On top of the standard data, federal Treasurer Josh Frydenberg alerted us to the fact that Australian households have saved up $260 billion during the pandemic which they could release into the economy at any time! Of course, they need something to spend it on – like ‘safe’ bars and restaurants, holidays, and Rapid Antigen Tests. Households might continue to be a little cautious as there is the looming prospect of higher interest rates, including for mortgages, later in the year but there is mounting pressure to start to spend more.

We think some Australian economic data in the first half of 2022 Australian might be a bit soft at times but we are cautiously optimistic about the second half. There is a welcome growth in cooperation between the states and the federal government over vaccinations, border restrictions and public health policies. This better cooperation may also be aided by the Federal election to be held in the first half of the year.

China is a bit of a worry though! Its economic data have softened of late as it tries to hang on to its ‘zero COVID’ policy. The People’s Bank of China (PBoC) did cut rates this month as others looked to raise them. China’s exports and imports each grew around 20% and its inflation was soft at 1.5%. China is still coming to terms with its problems in the property sector. We see this as a possible low point before China builds up a head of steam. However, its latest GDP growth number was an impressive 8.1%.

When we turn our attention to companies’ views of 2022 the picture is a bit mixed. The US Q4 reporting season, which is coming to a close, threw up some great results and some definite misses. For a change, some of the big banks did not do so well but some tech stocks did quite badly. In particular, pandemic darlings, Netflix and Peloton, had their share prices slashed on weaker prospects. Indeed, there is a widespread revaluation of mega-cap tech stocks. Companies with high valuations need to continue to grow rapidly to hold on to their lofty price-to-earnings (P/E) ratios. Higher interest rates and moderate growth pulls the rug from under their valuations.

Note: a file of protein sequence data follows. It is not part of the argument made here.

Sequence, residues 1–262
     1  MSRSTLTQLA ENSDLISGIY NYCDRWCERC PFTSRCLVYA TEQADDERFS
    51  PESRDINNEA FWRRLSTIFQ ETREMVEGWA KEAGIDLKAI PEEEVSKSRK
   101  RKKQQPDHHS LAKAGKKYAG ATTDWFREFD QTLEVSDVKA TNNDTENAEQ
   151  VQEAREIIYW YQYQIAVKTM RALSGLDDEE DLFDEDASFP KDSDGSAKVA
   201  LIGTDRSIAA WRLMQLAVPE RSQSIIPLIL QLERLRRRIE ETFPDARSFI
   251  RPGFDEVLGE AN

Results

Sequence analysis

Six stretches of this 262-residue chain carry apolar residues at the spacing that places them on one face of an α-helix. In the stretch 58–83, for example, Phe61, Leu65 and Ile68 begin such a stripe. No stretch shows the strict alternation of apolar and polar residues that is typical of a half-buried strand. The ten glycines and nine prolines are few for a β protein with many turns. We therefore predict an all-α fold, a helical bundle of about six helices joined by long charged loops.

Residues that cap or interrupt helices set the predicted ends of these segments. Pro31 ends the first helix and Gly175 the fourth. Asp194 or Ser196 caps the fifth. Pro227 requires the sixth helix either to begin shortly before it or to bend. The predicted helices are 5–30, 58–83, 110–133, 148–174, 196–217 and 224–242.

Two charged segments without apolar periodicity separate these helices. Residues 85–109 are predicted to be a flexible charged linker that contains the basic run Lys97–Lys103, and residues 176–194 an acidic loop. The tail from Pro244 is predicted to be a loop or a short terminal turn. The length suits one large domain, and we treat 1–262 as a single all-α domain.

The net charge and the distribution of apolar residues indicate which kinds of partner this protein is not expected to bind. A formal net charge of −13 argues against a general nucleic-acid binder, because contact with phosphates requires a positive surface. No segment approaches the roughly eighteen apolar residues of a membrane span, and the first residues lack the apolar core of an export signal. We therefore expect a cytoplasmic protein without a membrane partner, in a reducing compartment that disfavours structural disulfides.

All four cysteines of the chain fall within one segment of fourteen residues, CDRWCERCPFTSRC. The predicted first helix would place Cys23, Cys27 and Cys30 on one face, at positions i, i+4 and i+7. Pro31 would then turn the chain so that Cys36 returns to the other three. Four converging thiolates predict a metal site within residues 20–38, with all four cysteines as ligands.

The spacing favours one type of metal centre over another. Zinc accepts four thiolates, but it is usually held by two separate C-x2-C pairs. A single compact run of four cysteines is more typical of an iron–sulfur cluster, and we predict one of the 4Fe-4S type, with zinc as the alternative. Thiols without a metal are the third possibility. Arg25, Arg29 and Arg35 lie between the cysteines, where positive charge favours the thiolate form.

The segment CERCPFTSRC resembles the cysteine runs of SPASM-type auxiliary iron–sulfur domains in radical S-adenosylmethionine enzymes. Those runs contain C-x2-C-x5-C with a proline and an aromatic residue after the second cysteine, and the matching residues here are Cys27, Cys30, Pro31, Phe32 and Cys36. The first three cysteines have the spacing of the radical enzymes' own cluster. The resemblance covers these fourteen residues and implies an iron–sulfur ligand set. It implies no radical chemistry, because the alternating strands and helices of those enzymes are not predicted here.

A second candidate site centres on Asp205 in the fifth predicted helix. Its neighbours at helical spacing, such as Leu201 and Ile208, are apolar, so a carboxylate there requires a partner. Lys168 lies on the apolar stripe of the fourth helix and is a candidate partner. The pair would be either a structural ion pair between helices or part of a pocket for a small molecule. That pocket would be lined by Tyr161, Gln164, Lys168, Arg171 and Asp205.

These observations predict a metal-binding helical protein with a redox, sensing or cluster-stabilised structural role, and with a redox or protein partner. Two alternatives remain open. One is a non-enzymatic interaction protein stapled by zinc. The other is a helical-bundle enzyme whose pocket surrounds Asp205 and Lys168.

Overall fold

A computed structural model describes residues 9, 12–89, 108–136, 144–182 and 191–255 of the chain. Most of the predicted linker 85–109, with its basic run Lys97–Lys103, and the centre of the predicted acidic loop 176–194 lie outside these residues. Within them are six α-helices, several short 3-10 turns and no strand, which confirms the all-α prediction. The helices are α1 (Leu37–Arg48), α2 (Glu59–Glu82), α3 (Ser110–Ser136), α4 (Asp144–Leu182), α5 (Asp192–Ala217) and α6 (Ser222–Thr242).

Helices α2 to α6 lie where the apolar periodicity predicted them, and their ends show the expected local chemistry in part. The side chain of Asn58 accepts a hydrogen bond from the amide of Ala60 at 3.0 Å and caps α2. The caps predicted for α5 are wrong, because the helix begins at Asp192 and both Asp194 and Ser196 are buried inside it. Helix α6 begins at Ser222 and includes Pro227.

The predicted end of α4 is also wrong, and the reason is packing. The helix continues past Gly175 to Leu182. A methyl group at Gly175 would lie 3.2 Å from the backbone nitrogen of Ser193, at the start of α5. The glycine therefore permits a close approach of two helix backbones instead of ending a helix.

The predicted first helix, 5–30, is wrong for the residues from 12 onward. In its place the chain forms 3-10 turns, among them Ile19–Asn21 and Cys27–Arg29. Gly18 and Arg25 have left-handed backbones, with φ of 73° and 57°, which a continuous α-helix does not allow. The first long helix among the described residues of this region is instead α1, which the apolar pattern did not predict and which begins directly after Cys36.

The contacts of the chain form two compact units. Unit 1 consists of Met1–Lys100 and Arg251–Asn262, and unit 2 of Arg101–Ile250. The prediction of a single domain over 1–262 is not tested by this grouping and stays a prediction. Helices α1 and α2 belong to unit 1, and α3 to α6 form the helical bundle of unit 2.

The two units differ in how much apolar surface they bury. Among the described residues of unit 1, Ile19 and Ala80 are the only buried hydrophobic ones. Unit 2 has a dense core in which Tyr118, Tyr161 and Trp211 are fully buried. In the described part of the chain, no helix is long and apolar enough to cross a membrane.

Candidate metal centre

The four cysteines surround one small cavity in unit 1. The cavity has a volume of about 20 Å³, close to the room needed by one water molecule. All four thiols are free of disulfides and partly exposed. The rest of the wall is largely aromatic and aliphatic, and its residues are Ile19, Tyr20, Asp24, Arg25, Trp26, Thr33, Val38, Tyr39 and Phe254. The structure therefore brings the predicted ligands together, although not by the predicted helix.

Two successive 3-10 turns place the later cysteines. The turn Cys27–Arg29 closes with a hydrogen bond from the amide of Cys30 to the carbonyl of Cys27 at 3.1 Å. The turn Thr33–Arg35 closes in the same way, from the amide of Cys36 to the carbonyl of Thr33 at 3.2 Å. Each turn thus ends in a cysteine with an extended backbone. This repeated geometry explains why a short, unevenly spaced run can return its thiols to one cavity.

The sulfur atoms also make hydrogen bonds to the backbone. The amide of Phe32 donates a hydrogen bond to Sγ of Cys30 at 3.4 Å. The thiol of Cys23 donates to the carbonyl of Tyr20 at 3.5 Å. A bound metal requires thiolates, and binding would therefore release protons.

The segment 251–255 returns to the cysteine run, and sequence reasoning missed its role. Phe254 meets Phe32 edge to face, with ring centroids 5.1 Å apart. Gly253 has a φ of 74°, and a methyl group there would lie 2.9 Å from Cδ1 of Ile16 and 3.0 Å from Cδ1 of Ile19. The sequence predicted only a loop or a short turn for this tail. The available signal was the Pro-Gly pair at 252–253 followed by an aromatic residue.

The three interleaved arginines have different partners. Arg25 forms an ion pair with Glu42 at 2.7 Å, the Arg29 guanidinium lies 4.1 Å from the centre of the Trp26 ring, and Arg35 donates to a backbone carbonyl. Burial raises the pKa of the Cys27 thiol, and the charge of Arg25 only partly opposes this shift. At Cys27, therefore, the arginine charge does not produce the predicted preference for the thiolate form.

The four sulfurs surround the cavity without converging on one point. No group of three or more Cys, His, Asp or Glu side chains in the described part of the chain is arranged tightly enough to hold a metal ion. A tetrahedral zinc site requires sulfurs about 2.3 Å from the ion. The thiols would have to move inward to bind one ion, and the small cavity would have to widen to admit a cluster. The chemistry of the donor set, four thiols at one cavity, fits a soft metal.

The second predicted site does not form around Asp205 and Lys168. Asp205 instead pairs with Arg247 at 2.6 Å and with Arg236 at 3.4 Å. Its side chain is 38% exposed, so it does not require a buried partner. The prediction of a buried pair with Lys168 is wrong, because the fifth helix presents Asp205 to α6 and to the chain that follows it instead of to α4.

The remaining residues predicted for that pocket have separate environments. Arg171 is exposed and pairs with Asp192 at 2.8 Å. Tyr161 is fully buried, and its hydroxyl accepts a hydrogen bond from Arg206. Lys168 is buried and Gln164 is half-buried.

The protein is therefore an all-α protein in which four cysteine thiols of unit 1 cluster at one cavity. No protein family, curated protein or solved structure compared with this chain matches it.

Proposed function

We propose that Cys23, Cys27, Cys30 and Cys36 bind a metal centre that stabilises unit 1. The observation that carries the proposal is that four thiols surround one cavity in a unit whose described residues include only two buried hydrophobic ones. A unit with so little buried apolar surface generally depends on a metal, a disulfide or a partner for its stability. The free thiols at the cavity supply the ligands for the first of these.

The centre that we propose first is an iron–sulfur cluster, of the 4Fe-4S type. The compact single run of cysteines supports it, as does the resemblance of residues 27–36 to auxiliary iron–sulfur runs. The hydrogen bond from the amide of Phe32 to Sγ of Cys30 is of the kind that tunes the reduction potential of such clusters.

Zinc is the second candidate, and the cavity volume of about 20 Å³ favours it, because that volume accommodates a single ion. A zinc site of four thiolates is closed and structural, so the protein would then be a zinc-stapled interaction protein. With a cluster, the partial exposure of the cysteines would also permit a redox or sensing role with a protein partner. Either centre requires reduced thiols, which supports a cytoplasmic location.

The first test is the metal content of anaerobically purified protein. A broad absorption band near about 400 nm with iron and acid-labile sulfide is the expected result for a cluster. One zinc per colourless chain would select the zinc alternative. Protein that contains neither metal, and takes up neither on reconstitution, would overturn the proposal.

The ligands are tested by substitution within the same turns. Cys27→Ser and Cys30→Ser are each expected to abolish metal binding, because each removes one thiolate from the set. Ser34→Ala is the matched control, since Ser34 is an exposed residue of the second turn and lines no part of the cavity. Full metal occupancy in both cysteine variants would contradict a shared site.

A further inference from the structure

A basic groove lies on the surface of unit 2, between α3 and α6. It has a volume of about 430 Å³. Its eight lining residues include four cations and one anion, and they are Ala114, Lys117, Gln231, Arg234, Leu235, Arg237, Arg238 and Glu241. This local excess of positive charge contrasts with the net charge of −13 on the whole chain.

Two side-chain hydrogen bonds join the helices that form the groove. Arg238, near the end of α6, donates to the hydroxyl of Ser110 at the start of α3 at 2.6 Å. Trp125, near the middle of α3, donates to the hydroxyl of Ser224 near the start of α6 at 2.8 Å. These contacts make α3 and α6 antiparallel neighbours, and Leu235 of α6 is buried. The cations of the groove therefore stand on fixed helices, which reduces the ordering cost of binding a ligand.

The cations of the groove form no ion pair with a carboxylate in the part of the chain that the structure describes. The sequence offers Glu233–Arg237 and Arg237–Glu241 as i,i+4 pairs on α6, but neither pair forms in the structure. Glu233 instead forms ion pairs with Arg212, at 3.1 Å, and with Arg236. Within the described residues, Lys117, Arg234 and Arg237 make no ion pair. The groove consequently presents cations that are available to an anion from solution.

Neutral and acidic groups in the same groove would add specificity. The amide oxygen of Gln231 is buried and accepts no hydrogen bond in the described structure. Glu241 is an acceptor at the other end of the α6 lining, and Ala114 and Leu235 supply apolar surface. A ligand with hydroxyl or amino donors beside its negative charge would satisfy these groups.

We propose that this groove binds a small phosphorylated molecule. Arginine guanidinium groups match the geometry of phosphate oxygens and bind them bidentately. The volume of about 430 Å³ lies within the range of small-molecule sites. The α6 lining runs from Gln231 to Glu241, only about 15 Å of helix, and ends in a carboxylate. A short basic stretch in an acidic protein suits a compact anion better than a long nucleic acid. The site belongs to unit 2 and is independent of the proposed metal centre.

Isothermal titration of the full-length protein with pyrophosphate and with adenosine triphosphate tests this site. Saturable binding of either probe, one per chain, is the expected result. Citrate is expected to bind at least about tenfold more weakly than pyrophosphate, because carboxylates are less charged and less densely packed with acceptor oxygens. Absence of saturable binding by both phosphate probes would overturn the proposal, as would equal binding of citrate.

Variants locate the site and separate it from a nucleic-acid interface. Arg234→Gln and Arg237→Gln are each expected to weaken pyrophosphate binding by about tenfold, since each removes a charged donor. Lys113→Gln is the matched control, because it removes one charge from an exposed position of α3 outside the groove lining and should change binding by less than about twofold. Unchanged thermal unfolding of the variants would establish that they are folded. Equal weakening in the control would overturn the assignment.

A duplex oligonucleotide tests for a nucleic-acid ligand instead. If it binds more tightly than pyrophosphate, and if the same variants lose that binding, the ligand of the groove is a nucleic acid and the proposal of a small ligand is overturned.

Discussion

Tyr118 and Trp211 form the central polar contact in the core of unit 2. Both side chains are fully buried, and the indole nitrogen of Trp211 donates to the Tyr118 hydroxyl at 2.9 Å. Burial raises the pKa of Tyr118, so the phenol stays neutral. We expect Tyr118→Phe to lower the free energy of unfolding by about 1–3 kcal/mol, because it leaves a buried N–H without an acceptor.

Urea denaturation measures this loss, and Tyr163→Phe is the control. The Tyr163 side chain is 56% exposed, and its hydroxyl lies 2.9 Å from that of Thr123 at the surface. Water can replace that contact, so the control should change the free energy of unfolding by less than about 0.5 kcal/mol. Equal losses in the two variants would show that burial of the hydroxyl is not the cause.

The 2021 second half company reports are just getting under way in Australia. What we will be looking for are statements about how they are going to deal with the Omicron fallout. Nevertheless, our detailed analysis of broker forecasts of company dividends and earnings in Australia and the US have improved throughout January. That adds comfort for our view that we could have slightly above average returns in 2022 for each market – after the January volatility has subsided.

Asset Classes

Australian Equities

The ASX 200, like most major markets, experienced unusually high volatility during January and particularly within the day. The market was down 6.4% on the month. The intra-daily range was often well above 1%. Many factors possibly contributed to this volatility including lower trading volumes.

The Energy sector performed well on the back of an oil price surge of over 15% but our Information Technology (IT) sector lost nearly 20% in line with global trends.

There has been reported a large inflow of funds into broad based Exchange Traded Funds (ETFs) here and overseas suggesting some investors are ‘buying the dips’ and supporting the base.

It is always difficult to pick the bottom of any market. However, we believe the market is not expensive and earnings expectations could lead to a rebound once the volatility has subsided.

International Equities

Except for London’s FTSE index, most major equities markets and the world index suffered major losses during January. The reporting season in the US, which is near its end, does appear to have been somewhat weaker than those of 2021 – particularly in the mega-cap tech sector. This was to be expected as the recovery matures.

Like with the ASX200 we see a reasonable upward trend after the volatility subsides. The fundamentals outside of tech look favourable. ‘Catching a falling knife’ as in buying in volatile times before a bottom has reasonably been determined is ill-advised for most investors. However, we do have the S&P500 relatively attractive even after an extremely promising two-day rally to close off January.

Bonds and Interest Rates

The Fed all but confirmed a rate hike at the next meeting in March with three to five more to follow this year. The bond-purchasing programme is set to end – also in March. The Fed is in no rush to deal with its inflated balance sheet debt of $9 trillion – but it flagged it is plotting a course. The Fed will likely let some bonds ‘run off’ after their terms expire and in a controlled fashion.